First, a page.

The IRS issues final "Repair and Capitalization Regulations" - Including the concept of UOP

May 26, 2015 - New York City

Sandy Klein, Shanholt Glassman Klein Kramer

The IRS recently issued final "Repair and Capitalization Regulations." These regulations govern when taxpayers must capitalize and when they can deduct their expenses for acquiring, improving, maintaining, repairing and replacing tangible property. Included in the regulations is the concept of Unit of Property (UOP) which is targeted toward the real estate industry. The regulations generally defined a UOP as consisting of all components that are functionally interdependent
Before the regulations, a purchaser of real property would generally allocate the cost of the property between land and building. Other purchasers have performed Cost Segregation Studies which allocate the purchase price between short recovery period assets (i.e. equipment) and long recovery period assets(i.e. the building itself). The concept of UOP takes the extra step of allocating the cost of the building into its components by separating out the cost of specified systems. These systems are:
* Heating, ventilation and air conditioning systems (HVAC).
* Plumbing systems.
* Electrical systems.
* Escalators.
* Elevators.
* Fire protection and alarm systems
* Gas distribution systems.
* Any other systems identified in published guidance.
The depreciable life of the systems remains the same as the building. 39 years for commercial property and 27.5 years for residential property.
Under prior regulations, the determination of whether an expenditure was required to be capitalized or written off as an expense was measured in its relationship to the building as a whole. Did the expenditure extend the life of the building or increase its value? If the answer was yes, the expenditure was capitalized, if not, expensed.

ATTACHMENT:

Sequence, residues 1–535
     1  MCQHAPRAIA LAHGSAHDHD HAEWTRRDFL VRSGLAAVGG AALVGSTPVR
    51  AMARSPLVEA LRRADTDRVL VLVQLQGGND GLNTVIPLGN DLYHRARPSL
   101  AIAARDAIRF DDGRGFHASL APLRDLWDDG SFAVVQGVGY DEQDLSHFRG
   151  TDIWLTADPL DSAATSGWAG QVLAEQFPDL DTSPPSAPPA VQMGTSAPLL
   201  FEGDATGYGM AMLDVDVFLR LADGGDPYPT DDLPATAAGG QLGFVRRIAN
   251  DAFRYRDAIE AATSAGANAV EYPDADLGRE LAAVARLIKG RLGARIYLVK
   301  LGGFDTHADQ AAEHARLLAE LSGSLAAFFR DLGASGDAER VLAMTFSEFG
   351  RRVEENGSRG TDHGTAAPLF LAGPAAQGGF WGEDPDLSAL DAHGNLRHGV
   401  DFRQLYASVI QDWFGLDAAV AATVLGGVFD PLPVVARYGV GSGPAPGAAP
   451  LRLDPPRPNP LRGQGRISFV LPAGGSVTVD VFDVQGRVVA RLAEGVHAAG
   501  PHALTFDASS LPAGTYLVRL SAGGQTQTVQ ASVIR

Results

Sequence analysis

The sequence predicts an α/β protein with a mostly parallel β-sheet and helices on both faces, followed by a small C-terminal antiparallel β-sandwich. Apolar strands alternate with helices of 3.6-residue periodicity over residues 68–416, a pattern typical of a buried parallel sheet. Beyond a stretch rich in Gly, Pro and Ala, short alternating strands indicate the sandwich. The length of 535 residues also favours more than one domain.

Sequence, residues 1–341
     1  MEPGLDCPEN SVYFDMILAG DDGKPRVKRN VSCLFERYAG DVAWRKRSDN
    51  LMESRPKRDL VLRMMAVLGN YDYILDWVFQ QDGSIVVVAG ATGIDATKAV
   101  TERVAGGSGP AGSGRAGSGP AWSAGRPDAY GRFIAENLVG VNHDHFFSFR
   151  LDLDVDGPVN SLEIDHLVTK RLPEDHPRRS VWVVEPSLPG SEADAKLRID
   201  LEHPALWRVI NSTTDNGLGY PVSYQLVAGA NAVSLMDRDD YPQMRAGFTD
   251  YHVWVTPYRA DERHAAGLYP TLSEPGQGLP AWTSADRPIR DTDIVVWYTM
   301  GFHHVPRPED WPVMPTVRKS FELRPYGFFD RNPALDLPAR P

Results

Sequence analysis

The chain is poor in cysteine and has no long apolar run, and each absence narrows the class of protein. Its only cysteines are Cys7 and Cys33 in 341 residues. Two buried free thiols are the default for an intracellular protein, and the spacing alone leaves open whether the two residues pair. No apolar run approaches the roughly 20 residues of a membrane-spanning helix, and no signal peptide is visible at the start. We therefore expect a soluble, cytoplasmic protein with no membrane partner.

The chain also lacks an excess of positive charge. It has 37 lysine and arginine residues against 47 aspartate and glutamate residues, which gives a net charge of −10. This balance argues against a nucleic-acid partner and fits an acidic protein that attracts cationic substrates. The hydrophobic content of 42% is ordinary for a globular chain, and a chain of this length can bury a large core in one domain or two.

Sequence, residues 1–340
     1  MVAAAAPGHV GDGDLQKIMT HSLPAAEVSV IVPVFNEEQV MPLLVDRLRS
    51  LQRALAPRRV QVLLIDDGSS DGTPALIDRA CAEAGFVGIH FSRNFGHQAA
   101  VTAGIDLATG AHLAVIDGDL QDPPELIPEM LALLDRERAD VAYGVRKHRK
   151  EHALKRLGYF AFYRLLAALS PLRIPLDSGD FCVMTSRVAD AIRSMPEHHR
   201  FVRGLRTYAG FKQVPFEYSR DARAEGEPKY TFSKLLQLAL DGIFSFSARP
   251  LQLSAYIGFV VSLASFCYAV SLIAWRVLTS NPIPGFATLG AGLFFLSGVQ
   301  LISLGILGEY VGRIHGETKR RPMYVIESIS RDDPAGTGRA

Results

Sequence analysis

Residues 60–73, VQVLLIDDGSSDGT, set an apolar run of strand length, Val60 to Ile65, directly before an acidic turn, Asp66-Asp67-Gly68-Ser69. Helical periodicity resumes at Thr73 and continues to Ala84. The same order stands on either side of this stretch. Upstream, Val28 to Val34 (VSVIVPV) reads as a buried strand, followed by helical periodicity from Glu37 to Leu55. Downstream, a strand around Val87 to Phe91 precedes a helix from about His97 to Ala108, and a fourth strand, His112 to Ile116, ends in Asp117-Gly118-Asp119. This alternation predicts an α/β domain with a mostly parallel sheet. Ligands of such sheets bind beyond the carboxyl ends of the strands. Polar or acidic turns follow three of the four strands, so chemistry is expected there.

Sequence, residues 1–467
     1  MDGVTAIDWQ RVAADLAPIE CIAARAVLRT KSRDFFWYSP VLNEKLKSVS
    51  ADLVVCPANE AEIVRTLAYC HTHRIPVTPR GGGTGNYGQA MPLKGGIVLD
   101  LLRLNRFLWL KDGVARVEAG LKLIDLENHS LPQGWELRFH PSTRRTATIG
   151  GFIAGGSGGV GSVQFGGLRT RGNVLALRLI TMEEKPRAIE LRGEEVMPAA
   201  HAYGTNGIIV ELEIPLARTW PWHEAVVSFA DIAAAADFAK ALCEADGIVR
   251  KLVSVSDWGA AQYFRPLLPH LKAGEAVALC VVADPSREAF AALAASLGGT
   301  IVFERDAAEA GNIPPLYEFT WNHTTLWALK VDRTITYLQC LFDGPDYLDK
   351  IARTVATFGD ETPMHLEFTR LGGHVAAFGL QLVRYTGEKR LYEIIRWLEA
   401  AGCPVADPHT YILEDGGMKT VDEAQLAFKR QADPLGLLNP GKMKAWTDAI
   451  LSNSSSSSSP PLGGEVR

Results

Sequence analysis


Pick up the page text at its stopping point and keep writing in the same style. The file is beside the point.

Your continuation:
The ultimate result of the regulations is to change the basis of measurement from the entire building to the UOP. This increases the likelihood that expenditures will need to be capitalized as an improvement. For example, if a taxpayer had an expenditure related to its roof, the UOP to use in determining if it is a capitalized improvement or a deductible repair is the building since the roof is not included in one of the separate building systems. For repairs to several of the building's rooftop air conditioner units, however, the appropriate UOP to use in determining if it is a capitalized improvement or a deductible repair is the HVAC system (a smaller unit-of-property than the building). Repairing a portion of the roof would not be considered a major expenditure in relation to the building as a whole and thus could be expensed as a repair, but repairing an HVAC problem could be a major component of that system and would be capitalized and depreciated over its useful life.
On the positive side, UOP allow for the partial disposition of assets not available prior to the regulations. Under the prior rules, if a building installed new elevators, the cost of the elevators would be capitalized and depreciated over thirty nine years for a commercial building. The depreciation of the rest of the building would remain unchanged. Now the UOP related to the replaced elevators can be written off when the new elevators are put into service and a Section 1231 loss can be taken for the undepreciated portion of the old elevator. Taxpayers can use any reasonable method to calculate the basis of the various units of property's comprising their real estate including:
* Cost Segregation Studies.
* Producer price index (PPI) roll back methods.
* Factorial Comparisons.
The determination of the appropriate UOP is the first step in determining the need to capitalize an expenditure related to real property. Once the UOP is determined, the new improvement standards from the final regulations can be applied. Many real estate businesses will need to file an accounting method change (filing Form 3115) to adopt the new UOP rules as they apply to their buildings. Fortunately, this method change can be executed alongside most other accounting method changes required by the final tangible property regulations. Businesses with less than $10 million of receipts or less than $10 million in assets do not need to file Form 3115 to adopt the new regulations.
Sandy Klein, CPA, is a partner at Shanholt Glassman Klein Kramer & Co., New York, N.Y.